Play of the game: This dandy between Derek Stepan, Carl Hagelin and Ryan Callahan was not only pretty, but it gave the Rangers their second two-goal lead of the game and stood up as the game-winner. (Side note on the goal: Alex Ovechkin, what the heck are you doing?)
1. Carl Hagelin: The speedy Hagelin scored the second goal of the game and picked up two first-assists to surpass his playoff point total from a year ago when he played in 17 games.
2. Derick Brassard: It hasn’t been New York’s big guns stepping up most – it’s been a guy like Brassard who recorded two more first assists in Game 4 and now has five points in his past two games.
3. Ryan McDonagh – Logged a crazy 31:29 of ice, spending most of it against Alex Ovechkin. McDonagh blocked five shots and made his presence felt.
What’s next: If the Rangers offense doesn’t go into hiding again in Washington, this one could take a mighty turn in their favor. Surely the Caps will need more from Ovechkin and Mike Ribeiro and not have Mathieu Perreault and Karl Alzner as their shots on goal leader. Have these past two games been a case of the Rangers wearing down the Caps, or a case of home-ice advantage coming into play? Game 5 will speak volumes about both teams. Expect it to stay a close match, though. – Rory Boylen
Why Los Angeles won: After coming out a little flat and letting the Blues control the tone early, the Kings found their composed forecheck game and once they took a 2-1 lead in the third period, it was like the 2012 playoffs all over again – until lightning struck with another late goal by the Blues. The Kings won on this night because their goalie made one fewer mistake in overtime.
Why St. Louis lost: Besides goalie Brian Elliott looking weak on the overtime winner, the Blues were caught guilty of watching the puck on a few occasions and that forced them to play comeback most of the night against the Kings. But when it comes to playing desperate hockey, the Blues have become proficient experts and forced overtime with a late goal. St. Louis looked worn out in overtime playing three lines as coach Ken Hitchcock shortened the bench.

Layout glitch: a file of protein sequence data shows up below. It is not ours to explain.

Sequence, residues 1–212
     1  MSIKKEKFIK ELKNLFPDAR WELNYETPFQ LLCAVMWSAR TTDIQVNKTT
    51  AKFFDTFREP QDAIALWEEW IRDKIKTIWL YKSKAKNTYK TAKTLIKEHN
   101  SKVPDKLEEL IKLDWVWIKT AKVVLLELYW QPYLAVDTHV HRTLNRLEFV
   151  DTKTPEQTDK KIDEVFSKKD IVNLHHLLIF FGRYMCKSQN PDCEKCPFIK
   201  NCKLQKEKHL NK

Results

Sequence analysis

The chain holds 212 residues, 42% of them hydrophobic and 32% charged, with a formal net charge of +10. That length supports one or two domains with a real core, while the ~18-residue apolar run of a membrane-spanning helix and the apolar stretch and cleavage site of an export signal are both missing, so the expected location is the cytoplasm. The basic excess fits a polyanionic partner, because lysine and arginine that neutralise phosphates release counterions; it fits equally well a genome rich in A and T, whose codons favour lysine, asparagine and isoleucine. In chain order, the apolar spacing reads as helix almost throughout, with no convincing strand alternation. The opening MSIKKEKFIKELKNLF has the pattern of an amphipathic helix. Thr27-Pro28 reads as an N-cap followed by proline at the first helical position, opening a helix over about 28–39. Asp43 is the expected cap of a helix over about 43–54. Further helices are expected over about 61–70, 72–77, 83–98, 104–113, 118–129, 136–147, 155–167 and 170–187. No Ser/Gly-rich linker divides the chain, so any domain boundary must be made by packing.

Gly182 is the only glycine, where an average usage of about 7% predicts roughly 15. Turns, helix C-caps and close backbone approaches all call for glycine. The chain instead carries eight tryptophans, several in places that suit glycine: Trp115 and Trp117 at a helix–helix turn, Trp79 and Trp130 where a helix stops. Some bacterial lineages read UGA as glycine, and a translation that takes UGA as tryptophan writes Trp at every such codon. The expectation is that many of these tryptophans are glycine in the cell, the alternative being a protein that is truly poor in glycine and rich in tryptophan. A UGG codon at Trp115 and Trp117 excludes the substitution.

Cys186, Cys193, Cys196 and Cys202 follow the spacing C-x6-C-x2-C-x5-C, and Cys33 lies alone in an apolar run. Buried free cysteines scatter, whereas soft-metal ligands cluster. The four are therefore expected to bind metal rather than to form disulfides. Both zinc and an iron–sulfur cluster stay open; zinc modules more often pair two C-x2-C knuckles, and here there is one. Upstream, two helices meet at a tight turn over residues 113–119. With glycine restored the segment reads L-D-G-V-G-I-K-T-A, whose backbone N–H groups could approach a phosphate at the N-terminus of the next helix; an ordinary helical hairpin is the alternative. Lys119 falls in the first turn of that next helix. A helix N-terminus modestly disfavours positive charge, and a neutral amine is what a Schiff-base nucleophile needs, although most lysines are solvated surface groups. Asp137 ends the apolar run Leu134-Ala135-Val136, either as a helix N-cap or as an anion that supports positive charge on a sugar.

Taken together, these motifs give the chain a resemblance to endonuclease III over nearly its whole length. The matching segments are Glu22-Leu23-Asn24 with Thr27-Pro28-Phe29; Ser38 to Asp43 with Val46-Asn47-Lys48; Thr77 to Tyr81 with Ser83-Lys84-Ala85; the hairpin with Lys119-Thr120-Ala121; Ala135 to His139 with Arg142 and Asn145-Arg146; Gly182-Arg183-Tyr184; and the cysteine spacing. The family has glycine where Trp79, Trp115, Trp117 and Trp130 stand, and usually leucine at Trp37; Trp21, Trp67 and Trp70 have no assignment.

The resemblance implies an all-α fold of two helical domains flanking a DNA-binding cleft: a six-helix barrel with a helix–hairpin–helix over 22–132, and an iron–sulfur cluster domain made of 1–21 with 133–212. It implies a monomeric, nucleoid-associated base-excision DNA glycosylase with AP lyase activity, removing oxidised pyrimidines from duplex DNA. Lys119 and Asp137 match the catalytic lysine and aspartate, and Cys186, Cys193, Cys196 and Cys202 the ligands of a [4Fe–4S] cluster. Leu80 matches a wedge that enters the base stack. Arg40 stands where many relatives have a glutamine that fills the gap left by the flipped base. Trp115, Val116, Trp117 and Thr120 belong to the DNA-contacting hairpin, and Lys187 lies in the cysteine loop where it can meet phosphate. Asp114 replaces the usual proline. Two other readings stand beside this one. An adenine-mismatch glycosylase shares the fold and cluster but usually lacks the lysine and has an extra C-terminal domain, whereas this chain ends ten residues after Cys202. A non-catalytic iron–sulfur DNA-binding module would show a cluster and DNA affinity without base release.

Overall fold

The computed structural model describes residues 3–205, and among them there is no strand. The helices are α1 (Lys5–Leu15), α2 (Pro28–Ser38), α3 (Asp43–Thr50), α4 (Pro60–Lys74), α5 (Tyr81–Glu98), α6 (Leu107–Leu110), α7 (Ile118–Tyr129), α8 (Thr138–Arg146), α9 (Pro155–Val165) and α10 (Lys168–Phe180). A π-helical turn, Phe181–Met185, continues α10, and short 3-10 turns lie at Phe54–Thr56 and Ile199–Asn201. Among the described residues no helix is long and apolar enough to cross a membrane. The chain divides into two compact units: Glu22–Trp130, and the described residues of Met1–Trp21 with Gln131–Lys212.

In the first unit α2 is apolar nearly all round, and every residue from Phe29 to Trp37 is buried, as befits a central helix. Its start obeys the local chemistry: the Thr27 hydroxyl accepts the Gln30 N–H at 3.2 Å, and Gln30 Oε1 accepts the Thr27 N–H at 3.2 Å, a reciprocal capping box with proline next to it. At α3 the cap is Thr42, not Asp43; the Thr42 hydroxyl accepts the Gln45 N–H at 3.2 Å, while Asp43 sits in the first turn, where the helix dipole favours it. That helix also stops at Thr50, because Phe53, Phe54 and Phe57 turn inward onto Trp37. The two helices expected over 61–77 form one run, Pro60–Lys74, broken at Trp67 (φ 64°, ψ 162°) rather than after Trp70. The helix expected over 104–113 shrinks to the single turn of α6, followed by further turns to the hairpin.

Play of the game: Kings defensemen Slava Voynov broke up a Blues scoring chance midway through the first overtime period with a neat pokecheck, then had the presence of mind to join the counter-attack. With Justin Williams and Anze Kopitar breaking in on St. Louis' top defense tandem of Alex Pietrangelo and Jay Bouwmeester, Voynov jumped forward which gave Kopitar a passing outlet. His shot along the ice from 20 feet out beat Blues goalie Brian Elliott between the legs. Nothing special about the shot. The way it was defended by Elliott, however, made him look like a goalie from the Original Six era. No butterfly. Just stood there and looked weak.
1. Jeff Carter: With one of the quickest releases in the league, you use it whenever you can and the big pivot had found the groove lately with his second and third goals of the series. On a team that struggles to score on the road and doesn't have home-ice advantage in the series, offense from Carter is imperative.
2. Alex Steen: The Toronto Maple Leaf castoff is playing the best two-way hockey of his career and he's getting plenty of attention now because of his offense. His tying goal in the second period was his third of the series and he was a force on other rushes. Defensively, he was again superb in a shutdown role.